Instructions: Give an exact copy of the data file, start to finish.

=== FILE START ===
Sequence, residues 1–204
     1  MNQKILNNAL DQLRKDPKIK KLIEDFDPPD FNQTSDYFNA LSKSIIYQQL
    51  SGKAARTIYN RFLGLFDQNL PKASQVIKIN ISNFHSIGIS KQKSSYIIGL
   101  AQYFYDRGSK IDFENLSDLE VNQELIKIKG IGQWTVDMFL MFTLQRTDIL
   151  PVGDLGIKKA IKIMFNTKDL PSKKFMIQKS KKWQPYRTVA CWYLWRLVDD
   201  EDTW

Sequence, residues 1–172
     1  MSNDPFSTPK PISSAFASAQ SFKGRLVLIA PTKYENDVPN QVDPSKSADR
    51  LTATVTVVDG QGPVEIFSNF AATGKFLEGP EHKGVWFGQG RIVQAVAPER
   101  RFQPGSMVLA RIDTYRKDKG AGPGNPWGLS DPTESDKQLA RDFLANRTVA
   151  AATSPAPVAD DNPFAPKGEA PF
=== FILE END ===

Sequence, residues 1–204
     1  MNQKILNNAL DQLRKDPKIK KLIEDFDPPD FNQTSDYFNA LSKSIIYQQL
    51  SGKAARTIYN RFLGLFDQNL PKASQVIKIN ISNFHSIGIS KQKSSYIIGL
   101  AQYFYDRGSK IDFENLSDLE VNQELIKIKG IGQWTVDMFL MFTLQRTDIL
   151  PVGDLGIKKA IKIMFNTKDL PSKKFMIQKS KKWQPYRTVA CWYLWRLVDD
   201  EDTW

Sequence, residues 1–172
     1  MSNDPFSTPK PISSAFASAQ SFKGRLVLIA PTKYENDVPN QVDPSKSADR
    51  LTATVTVVDG QGPVEIFSNF AATGKFLEGP EHKGVWFGQG RIVQAVAPER
   101  RFQPGSMVLA RIDTYRKDKG AGPGNPWGLS DPTESDKQLA RDFLANRTVA
   151  AATSPAPVAD DNPFAPKGEA PF